We also heard stirring extracts from two complete 'composed' services, 'Mi Chamocho' ('Who is like unto You') from Ernest Bloch's Sacred Service (1933), with Benjamin Cahn as cantor solo, and the 'Haskiveynu' from Castelnuovo-Tedescos's Sacred Service (1934/44). The Italian composer had rediscovered his Jewish roots in the 1920s, and emigrated to the USA where he became a leading Hollywood composer. Bloch, though he had come to the USA as early as 1916, moved back to his native Switzerland to compose his Sacred Service, which had been commissioned in New York by Gerald Warburg.

Another émigré, Isadore Freed emigrated from his native Russia at the age of three in 1903 to the USA where he became one of the leading American synagogue composers and theorists of synagogue modes. This was evident in the Zemel's selection of his works, Shiru L'Adonay (Psalm 93), the gentle 'M'Chalkeil Chayim' from the central 'Amidah' Prayer (the 'Eighteen Blessings') and 'V'Anachnu' from the Aleynu (the concluding prayer).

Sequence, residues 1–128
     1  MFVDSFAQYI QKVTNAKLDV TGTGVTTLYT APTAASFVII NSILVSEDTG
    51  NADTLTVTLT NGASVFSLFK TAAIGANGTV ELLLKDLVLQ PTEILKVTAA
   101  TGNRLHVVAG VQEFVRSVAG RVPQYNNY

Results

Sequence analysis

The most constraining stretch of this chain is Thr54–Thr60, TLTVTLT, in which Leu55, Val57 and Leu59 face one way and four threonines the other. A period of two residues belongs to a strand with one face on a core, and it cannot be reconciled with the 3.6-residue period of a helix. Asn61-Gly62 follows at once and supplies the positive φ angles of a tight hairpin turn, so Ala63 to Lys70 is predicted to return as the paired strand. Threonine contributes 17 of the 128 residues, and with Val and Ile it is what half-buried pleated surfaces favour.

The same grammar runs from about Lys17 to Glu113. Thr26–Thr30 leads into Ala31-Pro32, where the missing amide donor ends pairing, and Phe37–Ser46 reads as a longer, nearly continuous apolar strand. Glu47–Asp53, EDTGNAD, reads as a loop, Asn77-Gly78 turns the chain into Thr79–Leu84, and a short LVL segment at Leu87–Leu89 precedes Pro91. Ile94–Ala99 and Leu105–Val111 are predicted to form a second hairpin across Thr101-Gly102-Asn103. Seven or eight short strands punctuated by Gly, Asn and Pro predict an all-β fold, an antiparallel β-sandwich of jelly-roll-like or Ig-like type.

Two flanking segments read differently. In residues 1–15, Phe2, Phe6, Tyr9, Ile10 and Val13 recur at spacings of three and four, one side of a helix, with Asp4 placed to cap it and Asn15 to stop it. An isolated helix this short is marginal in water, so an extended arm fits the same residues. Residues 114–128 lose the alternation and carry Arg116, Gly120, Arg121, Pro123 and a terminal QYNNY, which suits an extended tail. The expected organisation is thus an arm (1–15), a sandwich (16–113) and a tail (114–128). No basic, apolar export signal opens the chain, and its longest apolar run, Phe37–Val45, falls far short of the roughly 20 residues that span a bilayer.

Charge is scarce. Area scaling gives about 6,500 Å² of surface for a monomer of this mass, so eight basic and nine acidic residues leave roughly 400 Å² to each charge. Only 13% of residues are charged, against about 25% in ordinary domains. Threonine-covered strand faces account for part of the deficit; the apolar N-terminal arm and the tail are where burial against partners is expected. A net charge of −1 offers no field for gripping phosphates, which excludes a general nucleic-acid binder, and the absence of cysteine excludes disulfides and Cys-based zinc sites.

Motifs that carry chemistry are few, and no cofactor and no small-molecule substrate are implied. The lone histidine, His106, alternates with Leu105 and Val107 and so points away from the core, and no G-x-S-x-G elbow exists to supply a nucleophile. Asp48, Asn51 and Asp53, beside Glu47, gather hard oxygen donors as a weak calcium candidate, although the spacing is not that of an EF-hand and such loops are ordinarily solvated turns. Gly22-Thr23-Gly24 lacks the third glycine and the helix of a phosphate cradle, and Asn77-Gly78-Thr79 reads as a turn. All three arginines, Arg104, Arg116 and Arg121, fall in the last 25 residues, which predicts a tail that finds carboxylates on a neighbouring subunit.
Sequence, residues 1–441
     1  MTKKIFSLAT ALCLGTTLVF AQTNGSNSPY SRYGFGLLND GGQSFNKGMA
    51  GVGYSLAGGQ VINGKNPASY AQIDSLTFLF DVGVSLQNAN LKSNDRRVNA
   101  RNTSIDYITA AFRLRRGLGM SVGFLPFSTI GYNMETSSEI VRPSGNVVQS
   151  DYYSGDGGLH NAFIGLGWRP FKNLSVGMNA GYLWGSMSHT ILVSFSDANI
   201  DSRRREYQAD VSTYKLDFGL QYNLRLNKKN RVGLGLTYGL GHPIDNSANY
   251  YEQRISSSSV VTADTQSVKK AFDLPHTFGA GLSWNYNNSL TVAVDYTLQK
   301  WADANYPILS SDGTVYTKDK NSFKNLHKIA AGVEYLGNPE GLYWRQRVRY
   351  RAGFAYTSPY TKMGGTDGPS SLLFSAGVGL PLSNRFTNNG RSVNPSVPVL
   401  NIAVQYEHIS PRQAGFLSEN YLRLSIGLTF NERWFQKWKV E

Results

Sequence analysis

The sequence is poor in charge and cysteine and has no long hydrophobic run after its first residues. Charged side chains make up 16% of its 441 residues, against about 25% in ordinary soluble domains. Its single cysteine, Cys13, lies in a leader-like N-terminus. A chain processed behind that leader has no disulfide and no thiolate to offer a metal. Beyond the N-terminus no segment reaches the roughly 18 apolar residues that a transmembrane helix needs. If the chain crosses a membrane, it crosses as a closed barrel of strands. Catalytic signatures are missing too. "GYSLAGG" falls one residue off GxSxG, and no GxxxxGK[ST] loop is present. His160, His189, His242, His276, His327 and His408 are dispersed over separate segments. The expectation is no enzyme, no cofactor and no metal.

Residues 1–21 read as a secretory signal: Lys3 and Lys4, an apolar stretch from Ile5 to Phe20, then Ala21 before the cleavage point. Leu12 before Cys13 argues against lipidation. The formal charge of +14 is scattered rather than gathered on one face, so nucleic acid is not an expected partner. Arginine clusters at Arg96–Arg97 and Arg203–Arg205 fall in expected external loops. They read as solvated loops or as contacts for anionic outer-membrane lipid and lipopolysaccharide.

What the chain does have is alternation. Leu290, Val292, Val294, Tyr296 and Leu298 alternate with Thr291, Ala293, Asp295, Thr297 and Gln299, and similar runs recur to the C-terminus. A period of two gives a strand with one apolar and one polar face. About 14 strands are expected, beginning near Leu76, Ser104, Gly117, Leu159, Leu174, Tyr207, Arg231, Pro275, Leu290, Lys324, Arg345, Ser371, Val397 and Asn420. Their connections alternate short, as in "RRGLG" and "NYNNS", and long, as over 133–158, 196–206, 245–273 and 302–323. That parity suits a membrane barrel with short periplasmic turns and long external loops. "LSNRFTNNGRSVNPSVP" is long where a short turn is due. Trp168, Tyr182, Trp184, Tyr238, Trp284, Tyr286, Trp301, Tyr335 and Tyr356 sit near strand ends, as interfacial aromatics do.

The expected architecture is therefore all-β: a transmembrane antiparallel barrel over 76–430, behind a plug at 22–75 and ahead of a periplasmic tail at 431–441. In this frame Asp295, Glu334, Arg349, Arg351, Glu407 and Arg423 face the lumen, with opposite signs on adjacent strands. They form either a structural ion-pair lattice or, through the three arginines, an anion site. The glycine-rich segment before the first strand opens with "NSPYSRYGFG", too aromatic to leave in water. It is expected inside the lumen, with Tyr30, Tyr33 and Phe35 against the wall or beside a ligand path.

Another intriguing early setting was the 'Yih-yu Ratzon' by Abraham Zvi Idelsohn, known as the father of Jewish musicology. In the first decades of the twentieth century, Idelsohn recorded and transcribed Jewish melodies in Palestine, collected in a vast thesaurus published in the 1930s. This setting was a workable arrangement of the prefatorial prayer before the Amidah. Best known of all the émigrés was Kurt Weill, whose Kiddush ('Sanctification') is regularly performed by the Zemel and many other choirs, and sets the familiar blessing for wine in a catchy blues tune shared between cantor, here the mellifluous Eliot Alderman, and flowing choral textures.